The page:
So, what does it mean to be adopted and therefore a joint heir with Jesus? As Kelley Nikondeha, who is herself and an adoptee with an adopted child, points out, how the ancient Greco-Roman world understood adoption differs markedly from how we understand it.
Our contemporary concept of adopting an infant, with the connotations of nurture, care, and compassion, is, in fact, anachronistic. The common understanding of adoption in the Greco-Roman world would have been functional: it was a tool of the elite (especially the emperors) to secure succession, legacy, and inheritance. Adopted sons were pulled into a bigger story and expected to fulfill an imperial purpose. In those times, adoption was about the coalescing and movement of power, not the rescue of orphans. [Adopted, p. 23].
This understanding of adoption is important in that it reminds us that Paul always has in mind the message is the son of God, not Caesar. While Caesar shores up power through adoption, God need not do this. However, Paul understands that by using this terminology he is reinforcing what it means to belong to God’s family. We get to share in that power given to Jesus, not by natural descent but through the choice made by the heir who draws us into the family through the Spirit.
As Nikondeha points out, in Paul’s understanding of adoption, we’re not merely “imperial functionaries; we are also family members. As family, we recognize one another as siblings and are invited into filial solidarity as adopted ones.” [Adopted,p. 24]. That suggests that Paul is interested not only in our relationship with God but our relationships with each other. We are family. Therefore, we should be in solidarity with one another in a way that transcends DNA. In fact, this relationship that exists through the Spirit’s indwelling stands before the relationship defined by blood/DNA. For those who do not belong to a physical family, for whatever reason, they do belong to the family of God, with Jesus as the older brother who welcomes us all into the circle. So, again, drawing on Nikondeha’s writings on adoption: “As heirs, we participate in extending God’s kingdom of peace. As a family, we recognize others as siblings who ought to be treated as such. As adopted ones, we extend that magnanimous belonging to others” [Adopted, p. 27]. One more word from Nikondeha on adoption: She writes that “adoption imbues belonging with elasticity—we know there is always room for more at the table and more in the family. As we shape our own communities of belonging, we have to run to keep up with the divine largess, since God keeps growing his family with great creativity and an ever-greater reach” [Adoption, p. 28]. Is not that Paul’s message? One’s place in the family doesn’t depend on blood but grace.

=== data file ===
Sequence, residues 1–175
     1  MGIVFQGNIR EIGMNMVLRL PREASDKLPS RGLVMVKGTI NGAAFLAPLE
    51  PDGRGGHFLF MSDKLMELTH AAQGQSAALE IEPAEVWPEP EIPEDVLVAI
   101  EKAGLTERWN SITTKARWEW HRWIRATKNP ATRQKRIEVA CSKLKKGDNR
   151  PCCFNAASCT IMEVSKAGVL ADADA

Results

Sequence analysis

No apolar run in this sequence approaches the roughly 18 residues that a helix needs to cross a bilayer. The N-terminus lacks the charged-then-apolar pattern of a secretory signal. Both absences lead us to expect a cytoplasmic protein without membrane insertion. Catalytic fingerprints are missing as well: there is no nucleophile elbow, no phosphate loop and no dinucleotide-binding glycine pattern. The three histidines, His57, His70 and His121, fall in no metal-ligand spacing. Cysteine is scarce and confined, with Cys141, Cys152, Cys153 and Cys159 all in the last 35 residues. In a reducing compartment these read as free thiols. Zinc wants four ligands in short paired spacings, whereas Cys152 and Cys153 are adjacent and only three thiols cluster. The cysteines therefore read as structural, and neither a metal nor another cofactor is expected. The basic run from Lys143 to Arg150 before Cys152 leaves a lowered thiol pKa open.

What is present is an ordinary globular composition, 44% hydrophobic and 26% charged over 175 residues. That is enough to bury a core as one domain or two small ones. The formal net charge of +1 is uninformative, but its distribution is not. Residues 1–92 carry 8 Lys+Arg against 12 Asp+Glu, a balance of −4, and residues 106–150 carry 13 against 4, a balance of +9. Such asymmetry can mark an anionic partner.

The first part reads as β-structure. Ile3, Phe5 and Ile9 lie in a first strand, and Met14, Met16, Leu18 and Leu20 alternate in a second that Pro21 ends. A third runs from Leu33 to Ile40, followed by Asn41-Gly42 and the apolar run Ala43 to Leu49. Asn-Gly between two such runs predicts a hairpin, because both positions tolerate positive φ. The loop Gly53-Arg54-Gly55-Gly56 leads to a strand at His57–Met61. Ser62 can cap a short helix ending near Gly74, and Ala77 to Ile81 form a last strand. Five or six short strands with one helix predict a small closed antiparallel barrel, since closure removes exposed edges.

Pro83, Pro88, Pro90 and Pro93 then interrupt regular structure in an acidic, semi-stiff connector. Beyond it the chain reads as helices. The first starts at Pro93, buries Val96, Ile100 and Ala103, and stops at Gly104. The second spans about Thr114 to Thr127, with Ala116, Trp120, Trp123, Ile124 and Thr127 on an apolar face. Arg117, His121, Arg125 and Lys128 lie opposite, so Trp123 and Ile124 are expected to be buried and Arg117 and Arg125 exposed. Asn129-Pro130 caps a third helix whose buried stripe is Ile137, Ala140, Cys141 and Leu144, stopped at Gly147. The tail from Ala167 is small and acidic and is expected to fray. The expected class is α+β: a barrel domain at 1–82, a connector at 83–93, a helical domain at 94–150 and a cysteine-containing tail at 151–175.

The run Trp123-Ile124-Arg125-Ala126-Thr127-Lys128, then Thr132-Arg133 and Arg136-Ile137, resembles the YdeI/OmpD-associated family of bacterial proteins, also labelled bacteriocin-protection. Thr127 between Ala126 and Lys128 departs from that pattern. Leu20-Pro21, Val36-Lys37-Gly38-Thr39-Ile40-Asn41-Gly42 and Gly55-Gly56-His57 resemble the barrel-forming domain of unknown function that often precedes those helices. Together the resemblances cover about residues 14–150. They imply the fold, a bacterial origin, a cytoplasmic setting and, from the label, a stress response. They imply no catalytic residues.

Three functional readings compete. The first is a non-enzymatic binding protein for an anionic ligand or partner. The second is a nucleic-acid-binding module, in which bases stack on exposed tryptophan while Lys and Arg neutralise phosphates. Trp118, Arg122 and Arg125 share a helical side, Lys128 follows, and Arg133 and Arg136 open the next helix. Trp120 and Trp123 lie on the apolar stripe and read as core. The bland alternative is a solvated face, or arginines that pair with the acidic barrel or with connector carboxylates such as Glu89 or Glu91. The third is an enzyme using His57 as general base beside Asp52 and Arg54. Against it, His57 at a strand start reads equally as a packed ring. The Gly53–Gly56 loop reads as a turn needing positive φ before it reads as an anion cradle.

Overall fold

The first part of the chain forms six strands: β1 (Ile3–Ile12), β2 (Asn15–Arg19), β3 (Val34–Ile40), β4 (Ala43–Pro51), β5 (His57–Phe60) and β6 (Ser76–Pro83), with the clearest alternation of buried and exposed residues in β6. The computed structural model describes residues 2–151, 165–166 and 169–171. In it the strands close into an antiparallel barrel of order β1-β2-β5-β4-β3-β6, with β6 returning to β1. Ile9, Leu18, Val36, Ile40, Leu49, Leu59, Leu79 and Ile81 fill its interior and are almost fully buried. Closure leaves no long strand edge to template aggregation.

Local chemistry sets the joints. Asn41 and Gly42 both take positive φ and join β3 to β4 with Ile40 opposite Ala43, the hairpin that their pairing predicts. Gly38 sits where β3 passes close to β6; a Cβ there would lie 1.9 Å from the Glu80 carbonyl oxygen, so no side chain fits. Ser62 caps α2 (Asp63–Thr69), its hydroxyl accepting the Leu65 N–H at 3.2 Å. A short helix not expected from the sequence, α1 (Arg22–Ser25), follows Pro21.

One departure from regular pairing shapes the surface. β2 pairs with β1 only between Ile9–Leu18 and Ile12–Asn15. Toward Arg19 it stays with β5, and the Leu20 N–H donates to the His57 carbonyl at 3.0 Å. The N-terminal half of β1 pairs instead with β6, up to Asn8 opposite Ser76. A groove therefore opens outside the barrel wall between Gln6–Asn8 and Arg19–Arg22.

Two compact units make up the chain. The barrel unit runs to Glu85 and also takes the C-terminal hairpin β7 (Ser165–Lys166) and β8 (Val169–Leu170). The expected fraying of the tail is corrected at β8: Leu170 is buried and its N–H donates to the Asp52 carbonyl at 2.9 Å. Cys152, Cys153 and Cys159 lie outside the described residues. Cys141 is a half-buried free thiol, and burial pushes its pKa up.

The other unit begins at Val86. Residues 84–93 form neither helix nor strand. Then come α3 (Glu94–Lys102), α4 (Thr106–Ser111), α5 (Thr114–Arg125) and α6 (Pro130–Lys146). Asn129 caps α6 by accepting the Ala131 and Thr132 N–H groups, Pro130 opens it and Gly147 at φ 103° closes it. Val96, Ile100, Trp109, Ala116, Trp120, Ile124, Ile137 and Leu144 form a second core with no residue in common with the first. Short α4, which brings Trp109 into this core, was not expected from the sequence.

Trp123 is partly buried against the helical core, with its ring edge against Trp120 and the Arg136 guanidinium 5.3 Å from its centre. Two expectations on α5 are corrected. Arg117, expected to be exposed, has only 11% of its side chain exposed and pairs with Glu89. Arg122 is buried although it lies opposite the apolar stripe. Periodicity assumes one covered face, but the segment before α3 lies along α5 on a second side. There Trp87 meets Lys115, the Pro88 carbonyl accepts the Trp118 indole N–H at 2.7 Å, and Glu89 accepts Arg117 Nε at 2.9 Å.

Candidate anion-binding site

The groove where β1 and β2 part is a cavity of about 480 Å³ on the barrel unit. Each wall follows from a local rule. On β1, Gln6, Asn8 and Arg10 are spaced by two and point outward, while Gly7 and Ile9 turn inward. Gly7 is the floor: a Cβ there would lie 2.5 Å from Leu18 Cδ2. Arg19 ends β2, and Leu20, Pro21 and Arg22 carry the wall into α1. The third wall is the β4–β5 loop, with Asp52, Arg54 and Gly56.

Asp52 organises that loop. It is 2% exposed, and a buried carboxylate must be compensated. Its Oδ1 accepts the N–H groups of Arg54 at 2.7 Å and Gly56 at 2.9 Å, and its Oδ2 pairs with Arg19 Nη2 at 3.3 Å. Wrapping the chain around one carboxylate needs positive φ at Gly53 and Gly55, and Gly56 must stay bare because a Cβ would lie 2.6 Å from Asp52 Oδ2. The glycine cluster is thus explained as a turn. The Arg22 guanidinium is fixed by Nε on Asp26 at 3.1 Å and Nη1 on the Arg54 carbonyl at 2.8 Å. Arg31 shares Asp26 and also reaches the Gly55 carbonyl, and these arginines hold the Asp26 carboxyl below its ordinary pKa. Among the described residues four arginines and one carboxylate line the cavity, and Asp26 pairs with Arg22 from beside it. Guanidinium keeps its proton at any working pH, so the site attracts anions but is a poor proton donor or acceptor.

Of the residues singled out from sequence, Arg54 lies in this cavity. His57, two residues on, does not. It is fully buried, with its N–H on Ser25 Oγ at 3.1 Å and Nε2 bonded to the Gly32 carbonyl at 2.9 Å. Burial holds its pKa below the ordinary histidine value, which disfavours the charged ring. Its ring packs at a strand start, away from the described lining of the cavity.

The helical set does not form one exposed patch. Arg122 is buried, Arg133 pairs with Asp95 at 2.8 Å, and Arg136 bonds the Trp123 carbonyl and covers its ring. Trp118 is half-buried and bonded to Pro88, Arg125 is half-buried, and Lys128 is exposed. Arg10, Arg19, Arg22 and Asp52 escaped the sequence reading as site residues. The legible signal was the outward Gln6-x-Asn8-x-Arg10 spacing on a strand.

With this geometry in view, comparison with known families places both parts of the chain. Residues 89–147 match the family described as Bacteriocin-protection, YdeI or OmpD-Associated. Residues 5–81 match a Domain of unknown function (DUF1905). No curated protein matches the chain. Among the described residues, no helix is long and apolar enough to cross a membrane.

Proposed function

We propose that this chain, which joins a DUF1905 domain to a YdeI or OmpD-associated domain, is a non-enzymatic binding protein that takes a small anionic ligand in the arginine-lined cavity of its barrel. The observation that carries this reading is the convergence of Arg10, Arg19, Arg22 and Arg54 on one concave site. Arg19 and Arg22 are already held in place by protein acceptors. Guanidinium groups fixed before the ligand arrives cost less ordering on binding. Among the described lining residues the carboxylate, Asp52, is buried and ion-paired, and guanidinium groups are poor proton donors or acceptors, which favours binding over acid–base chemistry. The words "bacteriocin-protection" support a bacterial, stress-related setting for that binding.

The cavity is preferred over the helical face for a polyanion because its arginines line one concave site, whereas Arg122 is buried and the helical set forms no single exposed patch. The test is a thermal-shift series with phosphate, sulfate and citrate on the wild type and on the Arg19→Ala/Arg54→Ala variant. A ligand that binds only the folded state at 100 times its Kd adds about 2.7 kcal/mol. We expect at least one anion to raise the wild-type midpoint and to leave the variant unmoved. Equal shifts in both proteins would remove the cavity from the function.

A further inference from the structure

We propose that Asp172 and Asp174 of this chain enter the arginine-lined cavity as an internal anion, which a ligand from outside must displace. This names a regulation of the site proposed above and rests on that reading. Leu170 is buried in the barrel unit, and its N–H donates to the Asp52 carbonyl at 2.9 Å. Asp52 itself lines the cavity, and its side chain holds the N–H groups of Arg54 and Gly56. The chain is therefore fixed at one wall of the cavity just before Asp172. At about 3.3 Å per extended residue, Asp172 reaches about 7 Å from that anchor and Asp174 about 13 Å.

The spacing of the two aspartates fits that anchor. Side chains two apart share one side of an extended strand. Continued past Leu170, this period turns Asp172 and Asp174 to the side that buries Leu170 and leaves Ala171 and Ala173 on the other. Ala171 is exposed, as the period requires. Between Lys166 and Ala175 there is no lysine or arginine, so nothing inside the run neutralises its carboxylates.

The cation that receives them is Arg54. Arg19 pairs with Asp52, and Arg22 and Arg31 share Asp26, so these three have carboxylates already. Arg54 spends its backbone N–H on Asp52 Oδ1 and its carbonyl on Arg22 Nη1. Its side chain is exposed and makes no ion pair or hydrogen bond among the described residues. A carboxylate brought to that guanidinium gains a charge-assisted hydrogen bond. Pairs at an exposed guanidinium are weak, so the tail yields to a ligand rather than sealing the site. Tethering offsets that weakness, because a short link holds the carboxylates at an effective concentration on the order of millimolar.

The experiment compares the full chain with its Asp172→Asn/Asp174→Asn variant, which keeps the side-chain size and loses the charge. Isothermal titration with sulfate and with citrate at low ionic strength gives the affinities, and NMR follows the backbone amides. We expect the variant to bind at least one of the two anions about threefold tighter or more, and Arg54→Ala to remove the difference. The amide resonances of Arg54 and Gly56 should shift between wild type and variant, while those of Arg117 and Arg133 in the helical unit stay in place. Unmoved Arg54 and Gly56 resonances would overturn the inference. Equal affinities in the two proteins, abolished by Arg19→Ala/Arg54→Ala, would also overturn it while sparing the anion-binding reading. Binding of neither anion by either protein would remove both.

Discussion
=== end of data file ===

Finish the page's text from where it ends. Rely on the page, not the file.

If we are siblings of Jesus, and therefore, heirs of the promises of God, which includes our redemption, then does this not ultimately lead to union with God? In a trinitarian reading of this passage, we can join with Eastern Christians in imagining how the Son became incarnate, bringing together humanity and divinity. To be in Christ, allows us to share in that reality, what Eastern Christians call theosis or deification. As Gregory Palamas shared in a sermon “Heaven is open to them to receive them in due course if, increasing in faith in God and righteousness according to faith, they receive power to become heirs of God and joint-heirs with Christ, sharing in His incorruptible life and immortality, inseparably united with Him and enjoying His glory (Rom. 8:17–18).